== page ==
Andersen Hires Former Fed Boss Volcker

Accounting firm Andersen, under fire for its handling of the books of fallen energy giant Enron Corp., on said Sunday it hired former Fed Chairman Paul Volcker and that it would stop offering some consulting services in its first major step at restoring its battered credibility. 

The No. 5 accounting firm has faced a barrage of criticism in recent weeks as a steady stream of revelations about its role in the Enron saga have surfaced. 

The cigar-smoking, 6-foot-8-inch tall Volcker, has agreed to chair an independent oversight board that will review policies and procedures within the firm, Andersen said. 

``This is a step in the right direction. Andersen's future is in question -- They have to take bold steps, said Mark Cheffers, who heads accounting consultancy www.accountingmalpractice.com. ``Of course, it remains to be seen whether it's window dressing, whether there will be any real changes or whether or not it matters.'' 

The oversight board, funded by Andersen, will also have the authority to mandate changes in the accounting firm's practices, which Volcker said were likely to be ``substantial.'' 

``This is not window-washing or eye-washing,'' Andersen Chief Executive Joseph Berardino told reporters at a news conference. ``This is not where a report comes in a month later that says nothing. This is about getting answers to what the American public needs from an auditing firm.'' 

Andersen also confirmed that it would join several other Big Five accounting firms in agreeing to no longer offer internal auditing services and certain technology consulting services such as designing computerized financial systems to its publicly traded audit clients in the United States. 

The move marks a sharp reversal for the accounting firms who fought a bitter battle against regulators looking to restrict auditors from providing consulting services to their clients just a few years ago. 

Andersen continues to provide management consulting and other consulting services such as advice on tax issues to its audit clients. The firm retained a business consulting practice after a bitter split from sister firm Andersen Consulting, now known as Accenture, in 2000.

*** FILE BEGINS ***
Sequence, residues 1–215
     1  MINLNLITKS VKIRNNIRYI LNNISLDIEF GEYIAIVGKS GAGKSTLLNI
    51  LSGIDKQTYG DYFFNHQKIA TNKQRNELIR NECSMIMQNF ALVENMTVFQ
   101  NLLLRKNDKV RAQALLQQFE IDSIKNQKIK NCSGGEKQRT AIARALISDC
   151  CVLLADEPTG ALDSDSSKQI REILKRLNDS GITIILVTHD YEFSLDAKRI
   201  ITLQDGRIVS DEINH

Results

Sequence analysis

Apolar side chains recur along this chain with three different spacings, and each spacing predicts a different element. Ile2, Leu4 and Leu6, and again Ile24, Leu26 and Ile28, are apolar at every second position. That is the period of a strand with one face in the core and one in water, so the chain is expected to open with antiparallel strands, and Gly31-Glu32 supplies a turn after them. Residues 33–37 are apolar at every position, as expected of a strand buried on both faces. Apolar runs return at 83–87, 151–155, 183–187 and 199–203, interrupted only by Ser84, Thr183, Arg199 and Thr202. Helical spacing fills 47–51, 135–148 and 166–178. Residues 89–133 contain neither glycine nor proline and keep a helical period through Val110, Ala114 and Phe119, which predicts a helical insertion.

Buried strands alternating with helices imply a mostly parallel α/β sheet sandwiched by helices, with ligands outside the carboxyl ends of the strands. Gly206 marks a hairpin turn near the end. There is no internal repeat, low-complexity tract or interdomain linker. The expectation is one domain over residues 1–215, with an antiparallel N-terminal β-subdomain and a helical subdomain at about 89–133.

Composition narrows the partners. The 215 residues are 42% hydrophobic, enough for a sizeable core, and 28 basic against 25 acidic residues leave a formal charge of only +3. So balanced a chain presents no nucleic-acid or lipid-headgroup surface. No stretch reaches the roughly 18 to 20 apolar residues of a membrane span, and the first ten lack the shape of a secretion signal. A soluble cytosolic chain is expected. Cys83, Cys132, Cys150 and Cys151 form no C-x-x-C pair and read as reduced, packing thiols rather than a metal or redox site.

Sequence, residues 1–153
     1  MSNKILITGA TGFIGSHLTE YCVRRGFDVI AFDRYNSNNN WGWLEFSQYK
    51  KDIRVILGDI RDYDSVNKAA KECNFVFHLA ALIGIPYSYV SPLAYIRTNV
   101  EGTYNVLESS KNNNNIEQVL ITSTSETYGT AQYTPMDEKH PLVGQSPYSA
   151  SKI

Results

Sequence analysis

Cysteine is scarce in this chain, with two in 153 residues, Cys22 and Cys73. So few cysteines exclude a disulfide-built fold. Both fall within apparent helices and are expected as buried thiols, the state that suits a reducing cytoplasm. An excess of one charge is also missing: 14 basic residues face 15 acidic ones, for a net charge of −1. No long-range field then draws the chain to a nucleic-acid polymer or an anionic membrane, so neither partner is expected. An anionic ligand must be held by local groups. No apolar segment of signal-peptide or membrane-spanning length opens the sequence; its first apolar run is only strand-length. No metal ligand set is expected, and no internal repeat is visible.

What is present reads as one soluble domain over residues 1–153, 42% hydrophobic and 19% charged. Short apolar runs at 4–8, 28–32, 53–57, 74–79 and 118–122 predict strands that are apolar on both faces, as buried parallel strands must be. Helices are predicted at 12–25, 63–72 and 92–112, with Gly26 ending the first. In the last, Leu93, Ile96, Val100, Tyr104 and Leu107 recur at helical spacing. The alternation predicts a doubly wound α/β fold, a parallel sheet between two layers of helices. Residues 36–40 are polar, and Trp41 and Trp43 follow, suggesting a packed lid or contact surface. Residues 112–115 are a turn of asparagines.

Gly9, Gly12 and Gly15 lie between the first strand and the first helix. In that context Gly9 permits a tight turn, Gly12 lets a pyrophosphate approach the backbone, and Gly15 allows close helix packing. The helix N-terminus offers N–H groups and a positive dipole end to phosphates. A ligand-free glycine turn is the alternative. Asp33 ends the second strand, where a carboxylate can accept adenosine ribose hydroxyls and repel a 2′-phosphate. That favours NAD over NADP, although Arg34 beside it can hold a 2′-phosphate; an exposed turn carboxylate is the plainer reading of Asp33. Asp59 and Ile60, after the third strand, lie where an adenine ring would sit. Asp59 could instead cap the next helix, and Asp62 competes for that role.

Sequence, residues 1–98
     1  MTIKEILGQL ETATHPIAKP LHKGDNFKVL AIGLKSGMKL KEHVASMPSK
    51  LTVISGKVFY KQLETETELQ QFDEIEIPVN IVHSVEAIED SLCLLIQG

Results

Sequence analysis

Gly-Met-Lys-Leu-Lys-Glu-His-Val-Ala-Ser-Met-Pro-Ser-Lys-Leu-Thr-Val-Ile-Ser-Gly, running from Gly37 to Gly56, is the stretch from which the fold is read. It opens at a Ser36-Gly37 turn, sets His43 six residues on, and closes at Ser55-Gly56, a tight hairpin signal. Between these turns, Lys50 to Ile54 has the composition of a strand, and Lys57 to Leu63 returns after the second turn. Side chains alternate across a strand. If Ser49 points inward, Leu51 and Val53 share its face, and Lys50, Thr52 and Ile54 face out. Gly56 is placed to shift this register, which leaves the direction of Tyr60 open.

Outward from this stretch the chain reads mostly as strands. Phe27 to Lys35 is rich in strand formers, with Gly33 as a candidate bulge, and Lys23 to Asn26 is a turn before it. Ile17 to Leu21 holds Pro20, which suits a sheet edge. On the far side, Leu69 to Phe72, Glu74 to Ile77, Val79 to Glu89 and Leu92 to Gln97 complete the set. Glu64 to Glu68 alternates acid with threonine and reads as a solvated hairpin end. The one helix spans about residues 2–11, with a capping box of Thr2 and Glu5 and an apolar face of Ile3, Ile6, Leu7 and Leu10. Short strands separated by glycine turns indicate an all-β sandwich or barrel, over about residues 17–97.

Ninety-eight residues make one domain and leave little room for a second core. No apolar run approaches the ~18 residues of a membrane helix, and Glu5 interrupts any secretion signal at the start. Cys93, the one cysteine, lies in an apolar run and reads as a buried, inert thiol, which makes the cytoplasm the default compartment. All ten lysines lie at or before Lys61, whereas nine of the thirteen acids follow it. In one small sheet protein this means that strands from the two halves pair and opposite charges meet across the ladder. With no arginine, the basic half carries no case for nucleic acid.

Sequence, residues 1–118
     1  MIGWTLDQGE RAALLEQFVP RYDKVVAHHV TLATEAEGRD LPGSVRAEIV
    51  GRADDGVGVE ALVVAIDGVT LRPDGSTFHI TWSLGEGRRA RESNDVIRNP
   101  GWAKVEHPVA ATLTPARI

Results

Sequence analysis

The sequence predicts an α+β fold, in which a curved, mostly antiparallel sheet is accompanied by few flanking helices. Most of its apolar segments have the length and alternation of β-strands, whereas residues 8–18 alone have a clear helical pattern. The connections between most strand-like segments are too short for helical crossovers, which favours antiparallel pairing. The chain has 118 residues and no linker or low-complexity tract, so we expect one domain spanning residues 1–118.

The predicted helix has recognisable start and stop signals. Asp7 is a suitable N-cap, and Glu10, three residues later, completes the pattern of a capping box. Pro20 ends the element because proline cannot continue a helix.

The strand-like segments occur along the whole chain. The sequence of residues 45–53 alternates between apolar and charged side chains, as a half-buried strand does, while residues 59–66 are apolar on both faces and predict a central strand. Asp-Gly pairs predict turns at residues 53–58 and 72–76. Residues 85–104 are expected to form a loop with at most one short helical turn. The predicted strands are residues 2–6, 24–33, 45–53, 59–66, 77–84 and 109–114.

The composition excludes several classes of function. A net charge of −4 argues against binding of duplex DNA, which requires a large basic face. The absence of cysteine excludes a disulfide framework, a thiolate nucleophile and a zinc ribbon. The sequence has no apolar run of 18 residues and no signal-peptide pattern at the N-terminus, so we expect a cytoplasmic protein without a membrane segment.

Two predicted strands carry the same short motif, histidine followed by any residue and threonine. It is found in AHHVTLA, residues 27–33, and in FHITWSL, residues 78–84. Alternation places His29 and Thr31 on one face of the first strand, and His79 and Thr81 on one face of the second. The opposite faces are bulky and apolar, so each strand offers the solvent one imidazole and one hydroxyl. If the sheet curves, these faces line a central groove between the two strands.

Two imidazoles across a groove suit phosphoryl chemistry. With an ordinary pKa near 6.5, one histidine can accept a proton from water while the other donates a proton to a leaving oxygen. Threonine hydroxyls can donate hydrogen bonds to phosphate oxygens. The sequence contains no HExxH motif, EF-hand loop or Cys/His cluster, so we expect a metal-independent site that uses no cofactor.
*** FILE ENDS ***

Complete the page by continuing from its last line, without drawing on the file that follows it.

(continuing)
A solemn Berardino, sporting a pin of the American flag on his lapel, said the firm would continue to grow its business consulting practice -- which brought in $1.7 billion in revenues for Andersen's most recent fiscal year. 

Critics say earning hefty fees from doing consulting work for clients, then turning around and auditing their books, risks clouding the auditor's independence. Lawmakers, and investors particularly, questioned whether the $27 million for non-audit work and $25 million in audit fees from Enron that Andersen raked in 2000 had impaired its impartiality. Enron had also outsourced its internal auditing to Andersen in the past. 

Internal auditing is typically done by a group of accountants who work within a company and report to the board's audit committee, said Cheffers. 

``It's a recognition that providing these services leads to an appearance of conflict of interest,'' said Cheffers. ``But it still leaves open a substantial area -- there are certain kinds of management consulting and tax consulting -- that make you an advocate of your client.'' 

ANDERSEN MOVES TO REPAIR IMAGE 

Volcker's hiring parallels another high-profile effort to revive a scandal-scarred company. In 1991, Salomon Brothers, nearly crippled by revelations it submitted rigged bids at a U.S. Treasury auction, turned to legendary investor Warren Buffett to rebuild the investment bank. Buffett was an investor in Salomon when he took over as interim chairman in 1991. 

When Enron began to unravel last fall, accounting experts were quick to criticize Andersen for signing off on the energy trader's books, which were later restated. The criticism intensified after Andersen in January said some of its partners had destroyed documents related to its audit of Enron. 

Andersen's latest announcement comes a day after an Enron internal inquiry report also lambasted the accounting 

firm. 

Investor confidence in the accounting profession -- entrusted with the lofty job of blessing a company's financial statements -- has been battered in the wake of recent events. 

``I don't think you can attack this problem through legislation and regulation alone,'' Volcker said at the press conference held at the offices of law firm Davis Polk & Wardwell, adding that the dynamics within the auditing firm must be scrutinized as well. 

``Some months ago, in addressing the International Conference of Financial Executives, I stated that my concern was that the profession of auditing and accounting is in crisis,'' Volcker said. ``That crisis is now evident to everyone.'' 

Volcker, who was chairman of the Federal Reserve from 1979 to 1987, is currently chairman of the trustees of the International Accounting Standards Committee Foundation. The foundation is the parent organization of the International Accounting Standards Board, an independent London-based body that sets accounting standards. 

As pressure mounted on the accounting industry, top accounting firms PricewaterhouseCoopers, KPMG and Ernst & Young said last week they would support proposals preventing them from providing information technology and internal auditing services to their audit clients. 

The moves came after recent calls for the New York Stock Exchange to tighten its accounting rules for listed companies and prevent auditors from working as consultants for the same firm.